He puffed his chest a bit, as a chaffinch would to attract the ladies then proceeded to regale her with tales of his travels across Egypt in search of antiquities.
“I'd be delighted to show you some of my more choice finds.” Mr. Layton's smile revealed a row of neat white teeth. “For now, Miss Talbot, may I have this dance?”
When Aunt Roberta nodded her approval, Lizzie accepted and selected a place in the line of dancers beside Lady Cecilia, who was now copiously molting feathers from her bright gown.
The musicians struck up a country dance and Lizzie lost herself in the music and snatches of conversation she could exchange with Mr. Layton as they passed each other. Lizzie felt good, almost as if she fit in. She felt lighter than she had in a long time and began to dance with pure abandon.
In other words, she forgot to pay attention.
She wasn't watching her footing as she neared the end of the dance line, skipping across the polished wood parquet. So, when her soft-soled shoe landed just so on one of Lady Cecilia's wayward feathers, she lost her footing and went sliding higgledy-piggledy across the herringbone patterned floor.
Time slowed as if to make certain she would recall every excruciating moment in finite detail, and she skidded toward the throng of people bordering the dancing area. No one moved as Lizzie hurtled like a human ball toward a line of pins. Little wonder bowls was still illegal on public lawns.
Lizzie closed her eyes and braced for the worst.
She should have known better. Lizzie Talbot was an impending disaster, even on her most diligent days.
Tonight she would prove herself a pariah.
Oliver Fortney, Duke of Wainsborough, was bored witless.
The only reason he was at the Delcourts' ball this evening was to offer moral support to his brother, William. Wills had only just returned from the continent and their mother had managed to browbeat him to attend. Oliver figured that if he made an appearance, as well, he could help Wills escape all the sooner.
So, here he was at another dreadful ball, talking with the same people and having the same dull conversation.
When had he acquired this ennui? He needed to find something more in life, something to appreciate. Hell, something to
look forward to.
Something other than the utter sameness society strove for, as if they'd all been pressed from the same butter stamp.
Someone like Angelica's friend, Miss Elspeth Talbot. A fine-looking woman who could take the social horror of a stained gown at Gunter's and maintain her dignity as she'd been introduced to him, someone whose consequence made most men stammer. She had glowed with a joy that Oliver wasn't sure he'd ever personally known.
And now he found himself unsettled at the memory of her, with the temptation to seek her out. To see if she could show him just a taste of such delight in life.
Had it only been a few days since they had met? It felt like an eternity.
Oliver was not here to see
though this was the type of place such an unmarried woman was to be found. He hadn't even looked for her, at least after he skimmed the room upon their arrival. The ball was a bit of a crush, so it was possible she was there. Somewhere.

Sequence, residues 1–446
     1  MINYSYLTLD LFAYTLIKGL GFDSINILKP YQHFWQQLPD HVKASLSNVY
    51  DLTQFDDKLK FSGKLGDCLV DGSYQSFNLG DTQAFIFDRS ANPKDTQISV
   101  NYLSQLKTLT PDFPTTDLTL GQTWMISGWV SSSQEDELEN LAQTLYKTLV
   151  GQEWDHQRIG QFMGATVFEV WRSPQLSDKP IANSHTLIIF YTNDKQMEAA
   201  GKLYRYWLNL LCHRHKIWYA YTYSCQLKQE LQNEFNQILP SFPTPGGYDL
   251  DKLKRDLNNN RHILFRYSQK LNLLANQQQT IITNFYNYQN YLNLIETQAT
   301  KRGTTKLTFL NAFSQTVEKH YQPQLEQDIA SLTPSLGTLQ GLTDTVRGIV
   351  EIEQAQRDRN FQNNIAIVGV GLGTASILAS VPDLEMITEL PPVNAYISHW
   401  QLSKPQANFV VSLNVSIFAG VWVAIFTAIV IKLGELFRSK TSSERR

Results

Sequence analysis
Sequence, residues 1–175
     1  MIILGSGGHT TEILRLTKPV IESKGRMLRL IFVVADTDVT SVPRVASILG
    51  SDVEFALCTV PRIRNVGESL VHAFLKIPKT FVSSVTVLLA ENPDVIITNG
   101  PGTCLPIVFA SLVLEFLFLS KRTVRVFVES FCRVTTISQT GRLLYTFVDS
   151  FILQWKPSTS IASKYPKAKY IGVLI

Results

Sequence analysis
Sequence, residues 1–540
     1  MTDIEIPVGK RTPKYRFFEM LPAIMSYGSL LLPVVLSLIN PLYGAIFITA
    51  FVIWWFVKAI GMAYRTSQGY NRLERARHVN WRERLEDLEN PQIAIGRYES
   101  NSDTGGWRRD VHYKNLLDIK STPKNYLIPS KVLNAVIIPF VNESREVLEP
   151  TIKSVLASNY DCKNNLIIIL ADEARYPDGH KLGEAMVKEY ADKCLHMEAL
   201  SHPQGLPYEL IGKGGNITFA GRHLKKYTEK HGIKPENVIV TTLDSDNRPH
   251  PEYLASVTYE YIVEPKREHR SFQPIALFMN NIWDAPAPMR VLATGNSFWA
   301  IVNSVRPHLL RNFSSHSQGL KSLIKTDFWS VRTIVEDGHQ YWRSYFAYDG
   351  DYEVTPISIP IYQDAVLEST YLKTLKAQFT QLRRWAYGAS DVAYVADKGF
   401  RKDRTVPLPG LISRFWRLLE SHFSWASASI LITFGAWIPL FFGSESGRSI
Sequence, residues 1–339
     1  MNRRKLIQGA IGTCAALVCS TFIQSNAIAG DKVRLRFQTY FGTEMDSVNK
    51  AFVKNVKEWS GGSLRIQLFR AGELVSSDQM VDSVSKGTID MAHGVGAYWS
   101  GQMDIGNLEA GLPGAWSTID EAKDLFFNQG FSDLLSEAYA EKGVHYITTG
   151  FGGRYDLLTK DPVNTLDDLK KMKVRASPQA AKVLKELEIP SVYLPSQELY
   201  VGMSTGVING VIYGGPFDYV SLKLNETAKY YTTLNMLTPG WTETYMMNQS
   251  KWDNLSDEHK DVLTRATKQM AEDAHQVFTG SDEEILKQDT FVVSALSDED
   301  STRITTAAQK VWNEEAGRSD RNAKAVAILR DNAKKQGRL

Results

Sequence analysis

His pulse began to pound at that thought.
Just then, Wills peered over Oliver's shoulder with the oddest expression then he reached out in warning. “Move!”
Oliver pivoted in time to see a mass of white muslin skid to a stop at his feet. A young woman, eyes wide and ankles exposed where her gown had rucked up, peered up at him.
Well, well. Miss Elspeth Talbot was at the ball, after all.
The silence of the ballroom was deafening. The musicians had ceased their play, couples had halted their dance and conversation evaporated as all eyes focused on Miss Talbot. Even the man who appeared to be her erstwhile dance partner was frozen in place as if trying to assimilate what had happened.
Oliver frowned at the fellowâWrothton's boy, if he wasn't mistakenâand tried to stifle a twinge ofâ¦what? The man should help her immediately; she shouldn't be left in an undignified heap on the floor.
Then the oddest thing happened. Miss Talbot, pretty and pink-cheeked from the dancing or embarrassment or both, tilted her head back and laughed. No dainty giggle of a laugh either, but a howl of amusement, the type that accompanied the abandon of children at play.
The room quieted even more, if that were possible. The exception being the racket from Miss Talbot, though that dwindled to a chuckle.
Here was a woman who could laugh at herself and steal the judgmental power from those who might laugh at her behind gloved hands. Oliver's heart gave a little lurch.
He noticed that her dance partner had disappeared, leaving Miss Talbot to fend for herself. He wondered who her chaperon was and why they weren't rushing to aid her. So, Oliver took the initiative and offered Miss Talbot a hand to help her rise.
“I beg your pardon, Your Grace. I'm ever so clumsy!” she said. Her hair listed to the side and her gloves were discolored from contact with the floor, but her eyes sparkled enchantingly.
With her white muslin gown and fresh-faced innocence, she was the type of girl he avoided lest an overexcitable mother set her aspirations on him. But something was different about Miss Talbot, something fundamental that signified she was unique.
The first murmur of censure decided him. Being a duke ought to have some benefits, and halting the tide on cankerous gossip had best be one of them.
With as much finesse as he could muster, Oliver bowed. “At your service, miss.”
“Oh!” It was a soft exclamation and probably carried no farther than his ears, even in the quiet room. Then she extended her dusty, glove-clad hand. “Pleased to see you again, Your Grace. Is your sister, Lady Vinedale, here, as well?” Her voice was bright as a bell, but she'd begun to glance about as she realized they were the center of attention. The color began to leech from her face.
“Not this evening, no. May I reserve a dance, Miss Talbot?”
A little furrow appeared between her brows. “Do you jest?”
“No, indeed. May I?” he repeated, then scrutinized her dance card and scribbled his name. He was fairly certain this incident would cost her any and all future dance partners unless he did something. It had
to do with a desire to see what she felt like in his arms. William stepped forward in a show of solidarity and begged an introduction and dance of his own.
Oliver then offered his arm. “I recommend a retreat so you can collect yourself. Nothing swift as to suggest embarrassment; a leisured stroll, head held high,” he said in a low voice.
After a moment of hesitation, Miss Talbot smiled and accepted, her hand light and warm where it rested on his forearm. He liked that she was taller than most and he suspected her head would fit perfectly on his shoulder.
The musicians rumbled back into play, but curious eyes stayed fixed on them as they moved a circuitous route around the ballroom and out the door, no doubt wondering about his interest.
He didn't know what to make of it, either.